Amphetamine is a highly effective drug as part of a treatment regimen for ADHD and other disorders. However, many people abuse the drug for the way that it causes euphoria, alertness, and weight loss. Abusing amphetamine can have many effects on your life.
Amphetamine addiction is one of the worst and most intense effects caused by amphetamine abuse. People who abuse amphetamine can become dependent on it, and will come to “crave the drug,” causing “their psychological dependence [to make] them panic if access is denied, even temporarily” (ADF). Addiction to amphetamine can also cause more problems in your life, such as:
- Being arrested
- Getting into debt
- Having problems with significant others, friends, or family members
- Getting fired from work
- Having your grades suffer
- Craving amphetamine
- Becoming tolerant to the drug and needing more each time
- Feeling as if you cannot enjoy yourself without amphetamine
- Experiencing withdrawal symptoms from amphetamine
Addiction is a brain disease that will take over your whole life. The difference between addiction and abuse is simple: they are both bad for you, but with addiction, you aren’t able to stop on your own, even if you want to. If you stop abusing amphetamine before this occurs, it will be better for you over time. You can always seek treatment, but the earlier you do so, the easier it will be.
Health Effects of Amphetamine Abuse
Many people experience extreme health problems caused by long-term amphetamine abuse. According to the NHSTA, amphetamine abuse may cause:
- Cardiovascular problems
- Memory problems
- Heart failure
Amphetamine causes many health problems, both mental and physical, and these effects do not quickly or easily go away. Issues with memory will sometimes continue on for a year or more after someone stops abusing amphetamine.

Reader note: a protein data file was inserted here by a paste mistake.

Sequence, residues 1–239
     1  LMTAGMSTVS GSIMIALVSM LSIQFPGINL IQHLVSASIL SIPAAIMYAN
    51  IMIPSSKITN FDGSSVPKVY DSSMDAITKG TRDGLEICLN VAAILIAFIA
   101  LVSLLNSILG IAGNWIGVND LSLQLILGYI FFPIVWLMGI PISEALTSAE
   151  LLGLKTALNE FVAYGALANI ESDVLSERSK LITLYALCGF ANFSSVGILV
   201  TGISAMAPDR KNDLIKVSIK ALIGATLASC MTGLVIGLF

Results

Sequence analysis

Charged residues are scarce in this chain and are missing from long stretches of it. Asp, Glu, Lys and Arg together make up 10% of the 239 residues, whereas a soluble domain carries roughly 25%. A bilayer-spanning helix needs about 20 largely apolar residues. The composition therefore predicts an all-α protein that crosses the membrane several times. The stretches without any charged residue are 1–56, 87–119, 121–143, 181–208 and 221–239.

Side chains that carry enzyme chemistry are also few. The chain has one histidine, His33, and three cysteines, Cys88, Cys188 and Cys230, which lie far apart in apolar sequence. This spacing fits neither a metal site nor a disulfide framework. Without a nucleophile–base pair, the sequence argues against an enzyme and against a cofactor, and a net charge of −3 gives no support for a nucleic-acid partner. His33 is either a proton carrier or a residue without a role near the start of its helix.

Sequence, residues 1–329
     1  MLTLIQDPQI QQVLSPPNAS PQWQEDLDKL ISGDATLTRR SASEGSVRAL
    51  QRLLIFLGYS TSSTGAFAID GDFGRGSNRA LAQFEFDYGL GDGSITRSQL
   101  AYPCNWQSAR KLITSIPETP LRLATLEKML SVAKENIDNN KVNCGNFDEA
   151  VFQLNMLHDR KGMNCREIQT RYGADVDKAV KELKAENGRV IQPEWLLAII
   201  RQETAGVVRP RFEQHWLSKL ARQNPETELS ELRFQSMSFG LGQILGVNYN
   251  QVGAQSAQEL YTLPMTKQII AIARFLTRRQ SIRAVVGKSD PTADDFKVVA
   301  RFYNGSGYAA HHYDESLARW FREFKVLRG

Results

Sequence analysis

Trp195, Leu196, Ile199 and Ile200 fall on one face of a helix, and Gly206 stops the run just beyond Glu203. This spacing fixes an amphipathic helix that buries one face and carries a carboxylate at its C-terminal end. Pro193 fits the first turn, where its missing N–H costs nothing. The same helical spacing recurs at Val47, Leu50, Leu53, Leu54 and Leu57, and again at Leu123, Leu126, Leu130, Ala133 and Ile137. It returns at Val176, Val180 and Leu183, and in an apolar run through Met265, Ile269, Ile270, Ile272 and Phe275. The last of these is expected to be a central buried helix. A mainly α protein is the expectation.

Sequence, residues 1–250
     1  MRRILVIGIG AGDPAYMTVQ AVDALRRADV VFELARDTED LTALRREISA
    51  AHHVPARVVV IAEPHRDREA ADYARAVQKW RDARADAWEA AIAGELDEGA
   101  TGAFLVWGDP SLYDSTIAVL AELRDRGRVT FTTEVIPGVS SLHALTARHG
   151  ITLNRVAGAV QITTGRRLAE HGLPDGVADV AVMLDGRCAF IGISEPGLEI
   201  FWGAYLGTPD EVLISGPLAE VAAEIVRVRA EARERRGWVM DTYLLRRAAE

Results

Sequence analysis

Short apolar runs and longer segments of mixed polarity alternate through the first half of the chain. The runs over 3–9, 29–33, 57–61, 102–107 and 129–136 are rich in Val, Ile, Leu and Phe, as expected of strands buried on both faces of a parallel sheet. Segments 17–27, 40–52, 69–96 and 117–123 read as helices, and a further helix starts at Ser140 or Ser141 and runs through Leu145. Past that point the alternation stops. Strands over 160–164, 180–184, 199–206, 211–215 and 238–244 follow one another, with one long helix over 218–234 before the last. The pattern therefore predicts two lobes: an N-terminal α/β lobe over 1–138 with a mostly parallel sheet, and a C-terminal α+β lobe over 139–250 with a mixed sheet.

Amphetamine overdose may be deadly and it is an effect often caused by amphetamine abuse. If someone takes too much amphetamine, an overdose is possible and can result in:
If you know someone who displays these symptoms, they should be brought to the hospital immediately so that they may be treated.
According to CESAR, “The chronic abuse of amphetamine and methamphetamine is characterized by violent and erratic behavior, as well as a psychosis similar to schizophrenia, that can involve paranoia, picking at the skin, and auditory/visual hallucinations.” Those who experience this effect of amphetamine abuse often die or become severely hurt by putting themselves in danger without realizing it.
The CHCE states that “psychosis is induced more commonly by amphetamine than by cocaine” and that “delusional patients require close clinical monitoring” if they are brought in during this time. It is much worse for patients to go through amphetamine withdrawal and treatment if they have already reached the toxic psychosis stage.
The effects of amphetamine abuse are various and, over time, they can spread throughout your entire life. Especially when a person becomes addicted to amphetamine, the abuse of the drug begins to effect all aspects of their life and formal rehab often becomes a necessary treatment. Consider the effects of amphetamine abuse before taking the drug in a way that was not prescribed.